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Guide to Getting a Letter of No Record and How to Use It to Get a Passport

Macy was dropped off at a hospital emergency room one cold November night by her panicked teen mom. Just hours after she was born, her mother left her with hospital staff under California's Safely Surrendered Baby Law, which allows newborns to be dropped off at any hospital emergency room to become a ward of the state --no questions asked. Her mother didn't even leave her name. The law is designed to protect children who might otherwise be in danger of being abandoned in an uncontrolled environment, resulting in their harm or death. While Safe Haven Laws, which exist in all 50 states, are better alternatives to unwanted births than dangerous abandonment, they also leave many children with no proper birth records.

Without registered birth certificates that establish the identity and citizenship of these abandoned children, their lives are complicated from the very beginning. When the children are put into the foster care system awaiting adoption, their first few years of life can pass by without any formal identity. It also complicates attempts to prove their age and nationality, help them go to school, be adopted, or receive health care. As adults, it makes it difficult for them to get a driver's license, get married, open a bank account, vote, get a passport, or participate fully in society in many other ways.

What is a Letter of No Record?

Fortunately there are ways to fix what is broken. If you are a citizen of the United States and do not have primary evidence of U.S. citizenship, there is a process in place to help you get it. You must obtain a Letter of No Record from your birth state if you don't have a registered U.S. birth certificate or a Delayed Birth Certificate. This is a letter issued on your behalf by your state's Office of Vital Statistics that verifies they have no official state records of your birth; in effect, you do not exist on paper. Your birth state's Office of Vital Statistics is the only issuing agency for this particular document.

What Information Is Included on a Letter of No Record?

The Letter of No Record is created through the authority of your state's Vital Statistics, and is an official statement that no birth records exist for you. The statement includes your full name, your date of birth, the years that were searched for you birth record, and their acknowledgement that they found no state issued birth certificate on file for you.

How to Get a Letter of No Record?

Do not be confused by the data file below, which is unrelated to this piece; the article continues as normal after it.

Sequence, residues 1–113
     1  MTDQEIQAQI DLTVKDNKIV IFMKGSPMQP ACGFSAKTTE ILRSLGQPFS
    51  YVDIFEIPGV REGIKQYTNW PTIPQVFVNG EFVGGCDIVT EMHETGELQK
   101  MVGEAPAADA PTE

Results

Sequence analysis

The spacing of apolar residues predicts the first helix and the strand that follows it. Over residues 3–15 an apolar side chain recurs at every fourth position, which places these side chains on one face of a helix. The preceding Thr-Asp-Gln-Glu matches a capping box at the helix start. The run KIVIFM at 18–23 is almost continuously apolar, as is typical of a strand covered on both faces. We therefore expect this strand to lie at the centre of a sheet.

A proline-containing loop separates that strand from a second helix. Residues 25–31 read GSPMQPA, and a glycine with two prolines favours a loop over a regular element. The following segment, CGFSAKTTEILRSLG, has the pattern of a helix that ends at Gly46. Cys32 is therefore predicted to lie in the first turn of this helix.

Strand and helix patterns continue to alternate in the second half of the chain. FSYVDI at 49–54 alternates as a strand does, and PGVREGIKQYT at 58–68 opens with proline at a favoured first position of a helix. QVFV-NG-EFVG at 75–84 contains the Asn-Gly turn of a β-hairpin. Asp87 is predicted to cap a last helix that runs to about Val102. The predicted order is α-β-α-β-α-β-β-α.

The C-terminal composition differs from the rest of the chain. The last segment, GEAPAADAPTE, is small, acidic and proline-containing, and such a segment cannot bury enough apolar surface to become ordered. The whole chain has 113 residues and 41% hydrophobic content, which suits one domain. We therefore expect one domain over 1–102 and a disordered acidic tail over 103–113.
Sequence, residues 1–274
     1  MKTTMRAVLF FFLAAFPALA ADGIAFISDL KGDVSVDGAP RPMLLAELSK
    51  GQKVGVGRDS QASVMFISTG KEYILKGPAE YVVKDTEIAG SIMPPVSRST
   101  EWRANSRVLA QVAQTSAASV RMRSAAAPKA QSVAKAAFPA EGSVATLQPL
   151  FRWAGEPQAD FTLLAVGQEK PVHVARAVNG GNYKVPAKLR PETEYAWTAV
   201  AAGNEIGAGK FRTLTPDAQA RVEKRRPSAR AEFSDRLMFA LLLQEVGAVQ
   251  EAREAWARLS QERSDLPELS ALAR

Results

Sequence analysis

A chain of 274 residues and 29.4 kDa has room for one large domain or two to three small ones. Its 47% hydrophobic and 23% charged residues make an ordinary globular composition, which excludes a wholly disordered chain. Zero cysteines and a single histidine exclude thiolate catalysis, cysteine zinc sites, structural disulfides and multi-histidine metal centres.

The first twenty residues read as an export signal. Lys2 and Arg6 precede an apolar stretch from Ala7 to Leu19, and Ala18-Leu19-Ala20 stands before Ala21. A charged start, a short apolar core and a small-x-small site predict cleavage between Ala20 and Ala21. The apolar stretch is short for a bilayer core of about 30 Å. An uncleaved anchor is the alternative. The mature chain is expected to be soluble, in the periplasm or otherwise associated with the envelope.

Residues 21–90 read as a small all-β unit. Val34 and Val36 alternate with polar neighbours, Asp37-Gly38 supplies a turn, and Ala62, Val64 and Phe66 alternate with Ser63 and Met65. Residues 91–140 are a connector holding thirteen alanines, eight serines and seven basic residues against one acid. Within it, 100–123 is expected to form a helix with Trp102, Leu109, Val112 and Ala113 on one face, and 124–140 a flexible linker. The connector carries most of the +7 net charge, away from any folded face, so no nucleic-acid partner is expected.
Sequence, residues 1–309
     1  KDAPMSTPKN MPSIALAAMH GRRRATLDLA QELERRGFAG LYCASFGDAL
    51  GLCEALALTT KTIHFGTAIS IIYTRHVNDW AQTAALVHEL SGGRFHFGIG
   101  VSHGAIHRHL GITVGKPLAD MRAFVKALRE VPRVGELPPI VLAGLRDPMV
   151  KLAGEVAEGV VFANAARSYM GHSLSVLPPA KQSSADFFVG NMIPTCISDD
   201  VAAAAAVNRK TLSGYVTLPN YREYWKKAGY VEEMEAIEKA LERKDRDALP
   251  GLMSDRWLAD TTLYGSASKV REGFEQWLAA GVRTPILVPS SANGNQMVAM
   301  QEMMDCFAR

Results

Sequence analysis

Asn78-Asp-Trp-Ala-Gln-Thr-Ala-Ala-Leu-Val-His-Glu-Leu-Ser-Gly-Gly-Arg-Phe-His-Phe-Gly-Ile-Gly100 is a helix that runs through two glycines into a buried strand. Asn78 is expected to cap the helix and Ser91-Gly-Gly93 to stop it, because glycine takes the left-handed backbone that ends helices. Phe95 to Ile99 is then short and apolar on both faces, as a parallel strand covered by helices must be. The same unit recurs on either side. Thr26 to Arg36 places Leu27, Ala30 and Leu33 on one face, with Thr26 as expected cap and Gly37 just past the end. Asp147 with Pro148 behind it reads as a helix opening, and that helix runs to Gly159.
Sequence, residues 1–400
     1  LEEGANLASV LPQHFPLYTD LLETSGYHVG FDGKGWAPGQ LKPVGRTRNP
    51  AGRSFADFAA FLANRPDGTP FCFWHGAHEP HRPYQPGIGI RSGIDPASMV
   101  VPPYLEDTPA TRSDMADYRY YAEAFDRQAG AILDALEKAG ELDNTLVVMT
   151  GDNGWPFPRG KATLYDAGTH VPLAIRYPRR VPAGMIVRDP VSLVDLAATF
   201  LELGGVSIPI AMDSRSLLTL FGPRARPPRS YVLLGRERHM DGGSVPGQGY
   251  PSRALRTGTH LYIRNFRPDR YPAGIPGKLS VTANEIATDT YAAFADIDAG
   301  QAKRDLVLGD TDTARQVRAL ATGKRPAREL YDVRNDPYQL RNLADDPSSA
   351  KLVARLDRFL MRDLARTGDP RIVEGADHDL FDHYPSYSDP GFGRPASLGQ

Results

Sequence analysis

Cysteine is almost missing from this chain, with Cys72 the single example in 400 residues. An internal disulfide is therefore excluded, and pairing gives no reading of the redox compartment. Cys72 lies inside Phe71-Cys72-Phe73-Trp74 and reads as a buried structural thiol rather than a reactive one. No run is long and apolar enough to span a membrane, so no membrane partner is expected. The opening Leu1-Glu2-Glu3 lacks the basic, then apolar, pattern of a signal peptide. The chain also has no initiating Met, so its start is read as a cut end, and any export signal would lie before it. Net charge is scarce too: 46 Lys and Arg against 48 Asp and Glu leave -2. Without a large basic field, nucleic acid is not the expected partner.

The federal government assigned responsibility for overseeing vital statistics to the National Center for Health Statistics, and each state is responsible for storing vital statistics data of U.S. citizens who reside in their state. Consequently, the process for obtaining a Letter of No Record will vary slightly state by state. Essentially, you will follow the process of requesting your registered birth certificate.

Likely, you will be asked to present identification to complete the request. Most often, a state or government-issued photo identification is required to prove your identity, because only the person in question, his/her parent(s), a court appointed guardian, a surviving spouse, or a representative of the person in possession of signed and notarized permission can access birth records. If you don't have a state or government issued ID, which likely you won't, you can present two alternative documents like a pay stub, current car registration, bank statement, letter from a government agency requesting a vital record, rental or lease agreement, utility bill with your current address, or a copy of your income tax return.

Once a search of vital records is completed and no records are found, you will be receive a Letter of No Record issued by the state. If you made your request without a valid, unexpired, government-issued photo identification, the Letter of No Record will be mailed to the address displayed on the documents you provided as secondary identification.

How May a Letter of No Record Be Used to Obtain a Passport?

Realizing that U.S. citizens can present a wide array of citizenship issues on the way to obtaining a U.S. passport, every effort is made to accommodate each individual's circumstances. For example, often state adoption privacy laws prevent U.S. citizens from accessing their own birth records. Therefore, the Letter of No Record from your state's Office of Vital Statistics may be submitted with multiple Early Public Records.

Some examples of acceptable Early Public Records include a hospital-issued memento birth certificate with the baby's footprints and parents' names on it, a short-form or other invalid birth certificate, post-natal medical records, school records, either state or federal Census records, Baptismal records with the church's seal, or a certified adoption decree, among others. These records should include your name, date of birth, place of birth, and be from before age five, if possible. Submit this information to satisfy the proof of citizenship portion of your passport application. Once you receive your passport, it will serve as your primary evidence of U.S. citizenship.

Having no birth records can be a scary proposition when trying to do virtually anything, including proving who you are! What advice can you offer others in this situation?

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